©

Frankenstein CC clement127

1. Frankenstein is a bastion of the gothic genre

Gothic literature, believe it or not, bloomed from romanticism in the late 1700s, and Mary Shelley was definitely leading the pack with Frankenstein. Frankenstein has all the perfect ingredients of a gothic novel: mystery, the supernatural, and an unflinching examination of the darker aspects of life. Some even consider it an early example of science fiction, showing just how ground-breaking Shelley was for her time.

2. Shelley started writing Frankenstein for a competition to write the best horror story

While Shelley was staying with the well-known poet, Lord Byron, the friends had a competition for who could write the scariest ghost story. At first, Shelley was terrified she’d lose - she couldn’t seem to come up with a good idea. Then a conversation she had about the nature of life and re-animating corpses got the ball rolling… 

3. The story of Frankenstein and its lessons never get old 

Not only did the book have a huge influence on the literature that followed when it was first published, but its influences can still be felt now. The book set the standard for the gothic literature that followed and even other genres spawned from it. Ultimately, the question at the book’s core about playing God and what it means to truly be alive still get under our skin today. 

4. For a book written 200 years ago, Frankenstein is remarkably forward-thinking

Shelley herself was politically very radical, having been brought up in a home where debate was encouraged. Shelley’s works are known for the thoughtfulness with which they argue for cooperation and sympathy. These are often seen as feminine qualities, and Shelley’s work suggests society as a whole would be better off if everybody adopted them. Some scholars argue that she was an early feminist, as Frankenstein can be interpreted as a warning about what happens when humans try to create life without a woman.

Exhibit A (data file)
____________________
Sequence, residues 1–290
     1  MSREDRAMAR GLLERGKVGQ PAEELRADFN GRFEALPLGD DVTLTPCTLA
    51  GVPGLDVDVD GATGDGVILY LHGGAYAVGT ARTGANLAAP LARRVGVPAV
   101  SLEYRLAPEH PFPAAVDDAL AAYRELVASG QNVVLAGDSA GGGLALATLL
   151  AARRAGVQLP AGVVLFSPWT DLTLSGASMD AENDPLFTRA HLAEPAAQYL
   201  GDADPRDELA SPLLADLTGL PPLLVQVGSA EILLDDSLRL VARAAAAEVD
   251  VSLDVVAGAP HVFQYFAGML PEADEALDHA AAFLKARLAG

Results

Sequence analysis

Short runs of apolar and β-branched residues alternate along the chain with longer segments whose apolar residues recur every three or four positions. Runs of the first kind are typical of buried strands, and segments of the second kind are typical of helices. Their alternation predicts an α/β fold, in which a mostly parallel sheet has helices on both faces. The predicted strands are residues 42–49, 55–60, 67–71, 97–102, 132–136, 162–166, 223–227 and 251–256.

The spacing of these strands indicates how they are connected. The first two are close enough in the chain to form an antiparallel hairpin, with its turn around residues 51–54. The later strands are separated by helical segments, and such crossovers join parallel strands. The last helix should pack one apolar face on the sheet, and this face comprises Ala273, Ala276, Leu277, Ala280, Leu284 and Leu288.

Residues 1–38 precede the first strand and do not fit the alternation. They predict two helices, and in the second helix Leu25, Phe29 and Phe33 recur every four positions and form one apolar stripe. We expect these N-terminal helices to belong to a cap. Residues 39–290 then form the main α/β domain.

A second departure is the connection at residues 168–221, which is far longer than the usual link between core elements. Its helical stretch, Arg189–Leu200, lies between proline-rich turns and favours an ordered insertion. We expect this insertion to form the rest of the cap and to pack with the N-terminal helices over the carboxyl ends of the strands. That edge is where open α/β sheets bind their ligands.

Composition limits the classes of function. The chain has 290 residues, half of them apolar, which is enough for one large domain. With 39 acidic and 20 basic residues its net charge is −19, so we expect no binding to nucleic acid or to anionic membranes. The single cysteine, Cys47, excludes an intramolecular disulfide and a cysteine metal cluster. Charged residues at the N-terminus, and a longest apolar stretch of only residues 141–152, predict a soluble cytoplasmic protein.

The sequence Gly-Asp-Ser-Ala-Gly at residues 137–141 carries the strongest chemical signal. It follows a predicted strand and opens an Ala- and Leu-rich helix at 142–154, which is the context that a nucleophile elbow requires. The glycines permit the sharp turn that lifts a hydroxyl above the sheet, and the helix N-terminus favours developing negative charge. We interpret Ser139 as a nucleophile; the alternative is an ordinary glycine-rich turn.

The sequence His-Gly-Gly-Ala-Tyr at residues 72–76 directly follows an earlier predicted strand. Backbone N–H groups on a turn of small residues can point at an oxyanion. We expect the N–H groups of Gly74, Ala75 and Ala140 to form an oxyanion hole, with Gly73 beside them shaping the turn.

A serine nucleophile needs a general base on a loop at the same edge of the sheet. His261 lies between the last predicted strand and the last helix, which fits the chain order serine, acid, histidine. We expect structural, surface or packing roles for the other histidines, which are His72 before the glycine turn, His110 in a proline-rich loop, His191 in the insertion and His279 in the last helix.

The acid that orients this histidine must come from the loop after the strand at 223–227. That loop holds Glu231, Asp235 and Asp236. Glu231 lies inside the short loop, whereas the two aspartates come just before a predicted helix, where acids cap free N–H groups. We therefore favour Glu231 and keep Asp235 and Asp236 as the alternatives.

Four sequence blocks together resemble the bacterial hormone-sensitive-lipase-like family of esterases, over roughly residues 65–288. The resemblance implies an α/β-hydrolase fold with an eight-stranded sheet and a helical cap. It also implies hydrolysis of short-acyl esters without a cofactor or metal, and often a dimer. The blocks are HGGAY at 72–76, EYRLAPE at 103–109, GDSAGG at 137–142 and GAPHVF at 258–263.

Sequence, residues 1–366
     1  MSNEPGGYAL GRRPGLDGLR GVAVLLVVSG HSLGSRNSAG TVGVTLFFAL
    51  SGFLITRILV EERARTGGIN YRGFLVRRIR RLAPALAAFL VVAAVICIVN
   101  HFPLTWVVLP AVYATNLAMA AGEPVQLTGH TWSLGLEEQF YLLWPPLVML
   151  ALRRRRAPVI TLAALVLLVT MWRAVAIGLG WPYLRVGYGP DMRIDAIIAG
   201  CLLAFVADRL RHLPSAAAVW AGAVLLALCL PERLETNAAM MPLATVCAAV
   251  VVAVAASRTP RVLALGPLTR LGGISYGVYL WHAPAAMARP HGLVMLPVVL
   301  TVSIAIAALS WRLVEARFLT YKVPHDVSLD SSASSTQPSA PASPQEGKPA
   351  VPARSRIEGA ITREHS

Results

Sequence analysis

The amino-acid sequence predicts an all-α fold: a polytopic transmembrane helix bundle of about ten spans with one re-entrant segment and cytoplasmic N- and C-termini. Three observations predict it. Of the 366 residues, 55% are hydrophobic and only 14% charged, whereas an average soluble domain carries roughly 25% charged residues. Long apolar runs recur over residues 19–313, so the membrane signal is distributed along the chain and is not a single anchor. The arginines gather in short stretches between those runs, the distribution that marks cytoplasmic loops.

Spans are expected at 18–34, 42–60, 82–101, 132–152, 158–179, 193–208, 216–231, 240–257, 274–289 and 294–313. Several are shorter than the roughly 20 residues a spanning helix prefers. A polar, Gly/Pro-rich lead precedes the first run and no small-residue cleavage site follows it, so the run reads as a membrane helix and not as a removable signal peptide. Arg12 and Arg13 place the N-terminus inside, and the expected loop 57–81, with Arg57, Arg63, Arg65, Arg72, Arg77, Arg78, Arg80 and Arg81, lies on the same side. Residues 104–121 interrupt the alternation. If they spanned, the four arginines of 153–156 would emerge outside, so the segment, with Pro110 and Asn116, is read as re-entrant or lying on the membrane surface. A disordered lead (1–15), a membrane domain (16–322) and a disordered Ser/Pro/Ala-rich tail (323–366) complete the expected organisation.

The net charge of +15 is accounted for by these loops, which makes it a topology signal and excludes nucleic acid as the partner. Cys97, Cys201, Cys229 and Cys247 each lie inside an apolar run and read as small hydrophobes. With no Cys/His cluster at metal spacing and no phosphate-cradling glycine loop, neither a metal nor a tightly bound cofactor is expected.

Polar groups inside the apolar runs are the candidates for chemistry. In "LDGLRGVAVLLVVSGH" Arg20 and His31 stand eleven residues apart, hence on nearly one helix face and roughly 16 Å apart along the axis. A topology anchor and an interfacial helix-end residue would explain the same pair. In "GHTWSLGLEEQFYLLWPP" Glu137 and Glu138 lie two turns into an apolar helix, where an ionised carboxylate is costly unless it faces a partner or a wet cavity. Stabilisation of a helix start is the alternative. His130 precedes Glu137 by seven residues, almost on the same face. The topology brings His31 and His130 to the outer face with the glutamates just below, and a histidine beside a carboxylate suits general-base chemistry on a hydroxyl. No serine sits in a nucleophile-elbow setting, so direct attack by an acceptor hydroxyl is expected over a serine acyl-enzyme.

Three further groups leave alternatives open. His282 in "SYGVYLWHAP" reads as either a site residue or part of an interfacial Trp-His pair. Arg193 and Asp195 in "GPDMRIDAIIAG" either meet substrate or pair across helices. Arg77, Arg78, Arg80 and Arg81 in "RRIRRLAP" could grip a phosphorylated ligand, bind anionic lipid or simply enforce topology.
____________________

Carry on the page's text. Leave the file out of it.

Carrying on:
5. Benedict Cumberbatch... need we say more?

Frankenstein is one of the most enduringly popular stories in Western culture and there have been hundreds of adaptations of Shelley’s work. More recently, acclaimed director Danny Boyle (known for films such as Trainspotting and Slumdog Millionaire) directed a production of Frankenstein for Britain’s National Theatre. Benedict Cumberbatch and fellow actor, Johnny Lee Miller alternated the main roles of Frankenstein and ‘The Monster’ making for a remarkable theatrical adaptation.  The NT Live broadcast alone has been seen by more than half a million people worldwide.

Read Mary Shelley’s work here:

Frankenstein (1818) by Mary Shelley

The timeless cautionary tale of Dr Frankenstein who decides to animate a corpse - with disastrous consequences.

Maurice, or the Fisher's Cot (1820) by Mary Shelley 

Originally written in 1820 but only discovered in Italy in 1997, this children’s story was written for the daughter of her friends.

History of a Six Week’s Tour (1817) by Mary Shelley

A travel narrative by authors, Mary Shelley and Percy Shelley, this is a fascinating tour through France, Switzerland, Germany and Holland, told in letters.

Young Romantics: The Shelleys, Byron and Other Tangled Lives (2010) by Daisy Hay

Learn more about the romantic movement and its most well known figures.

Romantic consciousness: Blake to Mary Shelley (2003) by John Beer

The Romantic movement delved into questions of consciousness and being, and here those ideas are unpacked for readers.

See also